Kepler Telescope Discovers 41 New Exoplanets
With Curiosity getting so much attention lately, it ‘s easy to forget that NASA has just oodles of other cool stuff going on right now. Yes, most of it does not involve skycrane drops or lasers or HD pictures of the surface of an alien world, but it is still cool, you guys! Case in point: NASA’s Kepler mission announced today that is has found 41 new exoplanets in 20 star systems. The results are preliminary and some are still being peer-reviewed to ensure that they are planets and not blips in the data or just alien civilizations messing with us. If they pan out, though — and there’s every reason to believe most of them will — it will raise the number of planets discovered by the Kepler mission by nearly 50%, to a grand total of 116 planets.
Finding more planets helps researchers learn more about gravitation in solar systems and how planets come to be and find their homes around stars. That’s especially true when they find planets that share solar systems, which this batch of discoveries from Kepler has in spades. In turn, that information helps us better understand how our own solar system came to be.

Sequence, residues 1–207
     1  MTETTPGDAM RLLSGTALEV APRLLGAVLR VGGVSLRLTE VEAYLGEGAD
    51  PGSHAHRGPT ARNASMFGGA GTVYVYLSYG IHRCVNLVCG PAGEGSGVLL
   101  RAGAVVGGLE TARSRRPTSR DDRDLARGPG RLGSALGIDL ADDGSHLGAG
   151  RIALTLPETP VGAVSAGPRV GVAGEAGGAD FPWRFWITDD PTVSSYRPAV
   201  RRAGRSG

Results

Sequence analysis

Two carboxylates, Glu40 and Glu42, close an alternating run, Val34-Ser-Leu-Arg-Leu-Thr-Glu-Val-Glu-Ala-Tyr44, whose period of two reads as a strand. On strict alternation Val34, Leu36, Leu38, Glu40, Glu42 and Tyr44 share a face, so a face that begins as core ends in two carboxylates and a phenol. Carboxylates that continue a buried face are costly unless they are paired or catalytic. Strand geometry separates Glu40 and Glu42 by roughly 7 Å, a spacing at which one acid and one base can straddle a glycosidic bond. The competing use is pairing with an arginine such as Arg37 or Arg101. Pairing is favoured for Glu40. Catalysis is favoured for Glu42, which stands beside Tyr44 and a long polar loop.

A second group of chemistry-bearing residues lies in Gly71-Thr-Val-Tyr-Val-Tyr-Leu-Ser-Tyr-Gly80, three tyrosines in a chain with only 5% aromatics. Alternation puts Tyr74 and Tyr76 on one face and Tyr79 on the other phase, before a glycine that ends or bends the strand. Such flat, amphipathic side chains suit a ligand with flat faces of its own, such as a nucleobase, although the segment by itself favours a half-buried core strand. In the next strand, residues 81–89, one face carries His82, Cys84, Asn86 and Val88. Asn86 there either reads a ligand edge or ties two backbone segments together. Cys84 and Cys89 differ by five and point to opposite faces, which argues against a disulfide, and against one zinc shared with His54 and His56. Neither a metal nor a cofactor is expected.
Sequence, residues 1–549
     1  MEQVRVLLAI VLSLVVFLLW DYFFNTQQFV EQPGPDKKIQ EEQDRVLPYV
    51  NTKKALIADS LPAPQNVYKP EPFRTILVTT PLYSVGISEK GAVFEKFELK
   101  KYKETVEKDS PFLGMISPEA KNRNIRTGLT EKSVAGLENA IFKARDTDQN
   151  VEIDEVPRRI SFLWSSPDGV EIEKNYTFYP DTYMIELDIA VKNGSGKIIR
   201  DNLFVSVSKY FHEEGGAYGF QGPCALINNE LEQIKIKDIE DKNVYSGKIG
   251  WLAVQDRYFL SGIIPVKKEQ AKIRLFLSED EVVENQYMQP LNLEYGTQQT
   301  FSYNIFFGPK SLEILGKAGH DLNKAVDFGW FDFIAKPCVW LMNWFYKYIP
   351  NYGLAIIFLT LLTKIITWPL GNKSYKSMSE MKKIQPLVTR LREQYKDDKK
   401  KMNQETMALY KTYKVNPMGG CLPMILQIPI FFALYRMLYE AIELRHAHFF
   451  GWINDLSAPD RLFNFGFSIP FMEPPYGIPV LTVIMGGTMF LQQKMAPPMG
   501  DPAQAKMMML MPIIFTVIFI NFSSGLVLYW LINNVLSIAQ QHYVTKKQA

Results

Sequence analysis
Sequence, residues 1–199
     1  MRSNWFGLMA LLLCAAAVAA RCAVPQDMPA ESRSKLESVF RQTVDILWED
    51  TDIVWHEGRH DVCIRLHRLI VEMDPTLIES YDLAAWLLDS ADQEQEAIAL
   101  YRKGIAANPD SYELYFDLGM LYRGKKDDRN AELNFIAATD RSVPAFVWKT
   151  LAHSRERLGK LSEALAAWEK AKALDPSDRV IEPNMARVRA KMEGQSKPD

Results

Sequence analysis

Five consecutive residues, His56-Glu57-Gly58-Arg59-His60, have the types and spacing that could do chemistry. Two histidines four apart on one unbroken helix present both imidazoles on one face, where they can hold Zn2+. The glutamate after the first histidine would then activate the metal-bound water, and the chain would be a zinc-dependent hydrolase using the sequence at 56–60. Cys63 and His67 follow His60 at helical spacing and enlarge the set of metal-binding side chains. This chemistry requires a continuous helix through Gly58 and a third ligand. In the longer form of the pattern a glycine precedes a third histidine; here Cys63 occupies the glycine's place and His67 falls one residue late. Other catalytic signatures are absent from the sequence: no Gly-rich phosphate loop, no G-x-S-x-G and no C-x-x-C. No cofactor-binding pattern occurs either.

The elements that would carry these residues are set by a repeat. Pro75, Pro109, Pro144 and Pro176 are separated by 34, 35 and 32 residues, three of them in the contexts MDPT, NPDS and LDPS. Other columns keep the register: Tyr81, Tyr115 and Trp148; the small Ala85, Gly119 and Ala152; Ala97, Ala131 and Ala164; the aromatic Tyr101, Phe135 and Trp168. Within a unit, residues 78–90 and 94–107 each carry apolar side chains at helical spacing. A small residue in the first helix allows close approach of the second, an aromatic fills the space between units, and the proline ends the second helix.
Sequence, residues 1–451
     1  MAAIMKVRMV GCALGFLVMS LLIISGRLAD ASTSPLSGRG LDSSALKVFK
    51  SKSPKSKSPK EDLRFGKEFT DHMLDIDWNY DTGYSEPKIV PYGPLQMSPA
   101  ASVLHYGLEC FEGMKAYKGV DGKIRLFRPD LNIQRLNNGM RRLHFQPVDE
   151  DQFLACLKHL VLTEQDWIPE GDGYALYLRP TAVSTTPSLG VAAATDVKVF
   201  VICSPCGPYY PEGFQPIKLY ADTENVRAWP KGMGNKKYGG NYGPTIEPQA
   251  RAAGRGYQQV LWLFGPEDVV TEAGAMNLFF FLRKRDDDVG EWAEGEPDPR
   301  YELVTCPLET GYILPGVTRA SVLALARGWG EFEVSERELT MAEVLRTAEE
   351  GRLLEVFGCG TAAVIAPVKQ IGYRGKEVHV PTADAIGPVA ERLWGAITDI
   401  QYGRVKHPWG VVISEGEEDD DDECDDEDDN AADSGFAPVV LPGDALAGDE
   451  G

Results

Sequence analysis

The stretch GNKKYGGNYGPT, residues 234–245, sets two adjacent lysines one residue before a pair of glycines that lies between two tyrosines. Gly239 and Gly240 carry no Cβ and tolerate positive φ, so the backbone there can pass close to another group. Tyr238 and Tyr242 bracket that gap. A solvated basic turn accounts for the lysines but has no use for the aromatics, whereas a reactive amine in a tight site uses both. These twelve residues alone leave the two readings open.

The Kepler data is gathered by a space telescope with a wide field of vision and a very sensitive light-detector. This sensor measures dips in the brightness of far-off stars. When enough dips are correlated from a certain star and on a certain schedule, researchers can deduce that their is a planet orbiting the star, and occasionally blocking the light it sends our way. They can even make some educated inferences about the size and composition of the planet, and how far it is from the star it calls home.
Kepler is continuing to outperform researchers’ expectations, showing us that planets are more common than once thought in the universe. With that comes the heartening implication that somewhere out there, we are not alone. That thought is one of the few things that makes us sleep better at night.
(via ScienceDaily, image via NASA)